The hottest new restaurant openings of 2017 (where kids are welcome too)

In September alone, forty-four new restaurants opened in London and the year over, that number is in the thousands. Max and I didn’t quite get to all of those but of the ninety or so (yes, we’re very tired and full) we did visit in 2017, these were our favourite new openings.



The same phenomenal cooking you’ve come to expect from Bao but with a full a la carte menu set in a 1930’s Taiwanese cinema. The decor is beautiful, elegant, nostalgic and perfectly comfortable. It looks a little cramped from outside but you can absolutely get a buggy in here. Yes, there’s no high chairs and no children’s menu but the staff are so gregarious and accommodating, that if you bring a portable highchair or are happy for your little one to remain in their buggy, you’ll be just fine. Read the full review here.



The Sous Chef from Paradise Garage is now head chef at Kudu a neighbourhood small plates and brunch spot with a South African influence in partnership with the daughter of the restauranteurs behind The Delauney, Wolsely et al. Clearly a very talented duo. Bare concrete walls, soul music playing, just enough room to squeak a buggy through. Open kitchen, gracious, friendly waitstaff. And the menu. Ooft. The brunch menu is short but perfectly formed. The dinner menu which I am now desperate to try isn’t much longer but also looks perfect. The full review will be published next week. Stay tuned.

The Coal Rooms


All day eatery Coal Rooms is sophisticated, understated and inventive. The restaurant is divided into a coffee shop space, counter seats over looking the open kitchen and a light dining room with pale wood flooring. It feels big and airy and comfortable. Currently open for breakfast and dinner 7 days as well as brunch/lunch at the weekend, I’d try their much talked about bacon roll. Read the full review here.



Snug, tasteful and deeply pretty, Minnow, the newest addition to The Pavement in Clapham Common, is in good company with The Dairy just down the road, their perfectly executed dishes are of a comparable standard. There is significant eye to detail here (not just in the food), down to the little vases of wild flowers on each table, the beautiful artwork on the walls and the warm glow from the Art Deco lamps above the bar. Read the full review here.

The Wigmore


The Wigmore is a high ceilinged, impressively green room with a lot of Art Deco lighting. A pleasant low hum, warm, gracious and effervescent service BUT THE FOOD. I really wasn’t prepared. The reviews had all been complimentary but it is, I think, better than the reviews it has received thus far. The last time I had gammon was at boarding school in 1996, which as you imagine wasn’t thrilling. (I’m from Australia and it is less weird to go to boarding school there) Imagine Michelin starred gammon, egg and crisps though. Phwoar. The full review will be published in January, stay tuned.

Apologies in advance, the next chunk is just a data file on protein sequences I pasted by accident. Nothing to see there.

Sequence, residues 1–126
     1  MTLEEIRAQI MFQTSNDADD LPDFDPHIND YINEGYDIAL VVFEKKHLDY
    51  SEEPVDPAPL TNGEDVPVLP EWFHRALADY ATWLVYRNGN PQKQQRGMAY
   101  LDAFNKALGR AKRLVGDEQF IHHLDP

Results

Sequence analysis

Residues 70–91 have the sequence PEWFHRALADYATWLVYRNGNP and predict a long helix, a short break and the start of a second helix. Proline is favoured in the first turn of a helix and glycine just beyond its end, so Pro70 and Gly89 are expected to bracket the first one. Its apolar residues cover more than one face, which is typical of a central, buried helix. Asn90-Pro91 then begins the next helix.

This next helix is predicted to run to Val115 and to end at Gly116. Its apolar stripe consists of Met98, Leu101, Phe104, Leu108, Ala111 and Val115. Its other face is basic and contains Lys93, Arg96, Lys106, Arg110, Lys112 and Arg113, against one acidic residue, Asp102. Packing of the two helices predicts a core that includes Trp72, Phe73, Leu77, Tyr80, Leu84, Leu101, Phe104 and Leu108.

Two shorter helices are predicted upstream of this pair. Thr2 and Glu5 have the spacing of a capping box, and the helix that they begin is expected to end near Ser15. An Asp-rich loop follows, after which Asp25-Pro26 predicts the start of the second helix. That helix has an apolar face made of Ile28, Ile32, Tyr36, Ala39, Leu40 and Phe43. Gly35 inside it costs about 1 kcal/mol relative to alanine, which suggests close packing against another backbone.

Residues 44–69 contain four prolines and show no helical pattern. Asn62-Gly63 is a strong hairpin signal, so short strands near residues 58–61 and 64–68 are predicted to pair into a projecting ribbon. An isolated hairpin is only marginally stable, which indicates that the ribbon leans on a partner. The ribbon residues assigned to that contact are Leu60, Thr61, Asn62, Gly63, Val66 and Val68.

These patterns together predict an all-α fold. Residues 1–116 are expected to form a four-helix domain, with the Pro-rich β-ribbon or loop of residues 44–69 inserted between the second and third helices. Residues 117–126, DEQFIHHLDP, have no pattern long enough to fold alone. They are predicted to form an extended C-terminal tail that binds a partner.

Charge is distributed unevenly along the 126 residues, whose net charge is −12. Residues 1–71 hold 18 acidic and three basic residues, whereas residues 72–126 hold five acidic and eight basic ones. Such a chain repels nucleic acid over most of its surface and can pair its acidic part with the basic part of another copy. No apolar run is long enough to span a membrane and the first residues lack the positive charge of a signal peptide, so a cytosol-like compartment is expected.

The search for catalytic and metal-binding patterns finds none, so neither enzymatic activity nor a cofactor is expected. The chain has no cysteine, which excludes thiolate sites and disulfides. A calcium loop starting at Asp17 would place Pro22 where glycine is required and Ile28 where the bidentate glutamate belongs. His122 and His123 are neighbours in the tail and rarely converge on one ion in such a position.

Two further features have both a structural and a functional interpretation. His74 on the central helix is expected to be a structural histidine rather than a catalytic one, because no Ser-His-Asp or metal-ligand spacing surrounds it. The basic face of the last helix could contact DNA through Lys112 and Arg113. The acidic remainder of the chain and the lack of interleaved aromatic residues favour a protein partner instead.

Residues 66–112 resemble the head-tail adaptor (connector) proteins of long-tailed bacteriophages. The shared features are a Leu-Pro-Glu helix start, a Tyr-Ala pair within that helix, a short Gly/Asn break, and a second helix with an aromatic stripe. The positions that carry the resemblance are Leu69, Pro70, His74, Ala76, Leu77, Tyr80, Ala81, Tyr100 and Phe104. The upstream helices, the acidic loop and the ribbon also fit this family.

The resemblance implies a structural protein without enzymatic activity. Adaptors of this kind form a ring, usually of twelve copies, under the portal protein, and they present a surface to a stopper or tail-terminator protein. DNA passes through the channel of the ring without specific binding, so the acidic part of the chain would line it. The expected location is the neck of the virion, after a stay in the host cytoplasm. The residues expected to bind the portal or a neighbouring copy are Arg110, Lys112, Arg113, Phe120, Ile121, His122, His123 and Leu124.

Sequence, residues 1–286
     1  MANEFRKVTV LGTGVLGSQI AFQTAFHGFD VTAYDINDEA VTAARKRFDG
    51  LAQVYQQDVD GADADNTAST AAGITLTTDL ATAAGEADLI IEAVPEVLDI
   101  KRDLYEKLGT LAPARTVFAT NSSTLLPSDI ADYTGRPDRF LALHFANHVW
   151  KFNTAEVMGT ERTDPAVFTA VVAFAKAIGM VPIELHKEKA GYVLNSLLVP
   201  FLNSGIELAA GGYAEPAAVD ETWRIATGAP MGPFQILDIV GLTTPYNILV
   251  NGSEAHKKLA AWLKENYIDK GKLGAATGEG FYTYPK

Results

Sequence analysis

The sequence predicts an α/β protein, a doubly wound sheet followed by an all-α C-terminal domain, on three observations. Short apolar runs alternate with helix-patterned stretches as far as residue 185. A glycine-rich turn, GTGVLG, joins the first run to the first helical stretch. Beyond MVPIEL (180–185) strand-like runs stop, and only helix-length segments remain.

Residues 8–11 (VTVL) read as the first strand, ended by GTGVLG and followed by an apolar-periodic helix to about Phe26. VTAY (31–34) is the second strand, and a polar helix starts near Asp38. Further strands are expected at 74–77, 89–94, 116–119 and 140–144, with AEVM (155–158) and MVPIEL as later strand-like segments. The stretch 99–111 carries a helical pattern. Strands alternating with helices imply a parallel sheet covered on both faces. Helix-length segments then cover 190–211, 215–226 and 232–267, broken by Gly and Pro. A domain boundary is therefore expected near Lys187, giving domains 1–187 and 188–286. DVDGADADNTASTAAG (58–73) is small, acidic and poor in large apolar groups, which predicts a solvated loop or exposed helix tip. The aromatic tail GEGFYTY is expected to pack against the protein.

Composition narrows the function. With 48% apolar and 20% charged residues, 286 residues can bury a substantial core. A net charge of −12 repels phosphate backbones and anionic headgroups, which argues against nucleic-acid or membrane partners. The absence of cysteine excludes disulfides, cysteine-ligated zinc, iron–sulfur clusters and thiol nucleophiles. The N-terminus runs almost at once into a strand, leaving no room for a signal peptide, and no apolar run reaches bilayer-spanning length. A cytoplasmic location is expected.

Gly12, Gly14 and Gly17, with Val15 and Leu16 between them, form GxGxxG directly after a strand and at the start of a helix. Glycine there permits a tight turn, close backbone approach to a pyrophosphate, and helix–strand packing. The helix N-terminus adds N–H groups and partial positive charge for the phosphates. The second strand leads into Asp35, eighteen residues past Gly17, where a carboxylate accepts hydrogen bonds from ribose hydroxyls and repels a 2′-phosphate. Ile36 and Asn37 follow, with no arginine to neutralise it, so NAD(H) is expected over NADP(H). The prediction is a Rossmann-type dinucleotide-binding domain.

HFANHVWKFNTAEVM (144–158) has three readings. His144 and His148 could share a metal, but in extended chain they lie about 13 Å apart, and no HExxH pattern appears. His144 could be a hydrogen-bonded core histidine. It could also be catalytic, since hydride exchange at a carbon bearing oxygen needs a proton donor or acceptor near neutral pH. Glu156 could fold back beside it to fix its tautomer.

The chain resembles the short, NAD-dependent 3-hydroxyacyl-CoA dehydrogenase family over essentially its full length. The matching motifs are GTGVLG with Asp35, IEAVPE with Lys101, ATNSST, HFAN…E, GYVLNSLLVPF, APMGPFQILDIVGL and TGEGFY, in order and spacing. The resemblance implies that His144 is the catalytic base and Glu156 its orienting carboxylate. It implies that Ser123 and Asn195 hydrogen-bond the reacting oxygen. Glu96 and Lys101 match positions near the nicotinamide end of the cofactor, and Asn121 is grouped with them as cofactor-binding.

We ventured to Rambla whilst Max was cutting his top teeth and desperate to stand up at all times, they kindly sat us in back, at our request and we narrowly avoided breaking a chicken ornament. It’s only just opened so all the baby friendly stuff (highchairs/baby change) is still in the works but the dining room is spacious enough to manage a buggy and the staff are willing. Cool and paired back, bare boards and cobalt and hessian, the Catalan tapas menu is choc full of seriously tasty and unusually presented dishes, all of which delighted. Read the full review here.



Sparrow is a frantic diamond in the rough. They’re still working out the kinks – when we went for brunch it was cash only and several items on the menu weren’t available ‘yet’ – but the cooking is very fine, as to be expected from the ex-St. John chefs running the kitchen. These guys know what they’re doing. Read the full review here.

Plaquemine Lock


Plaquemine Lock is a beautiful ode to New Orleans Creole and Cajun cooking. It’s taken residency in an old boozer hiding behind Angel station and because it’s off the beaten track, it’s quiet. This is some proper NOLA cooking, the portions here are decent and the whole place just has a really good vibe. Read the full here.

Monty’s deli

Monty’s is a dream for babies. It’s loud and busy with both booths and table space. They made space for not one but two buggies with delight on our visit, whilst they fawned over our children. The menu is straight up Jewish soul food and the service is delightful. They even do a Shabbat dinner on Friday and Saturday nights. Read the full review here.


Llewelyn’s is staffed by a whole lot of really good restaurant alumni, we’re talking Fifteen, St. John, Rochelle canteen and Anchor & Hope, right? Unsurprisingly, The food at Llewelyn’s is marvellous. It’s a bit on the pricey side for a neighbourhood joint but it reminded me a lot of Rochelle Canteen and is therefore, worth it. Read the full in the new year.

That’s all for us for 2017, thanks for reading and hopefully we will tempt you along for some fantastic eats in 2018.

Emily & Max x

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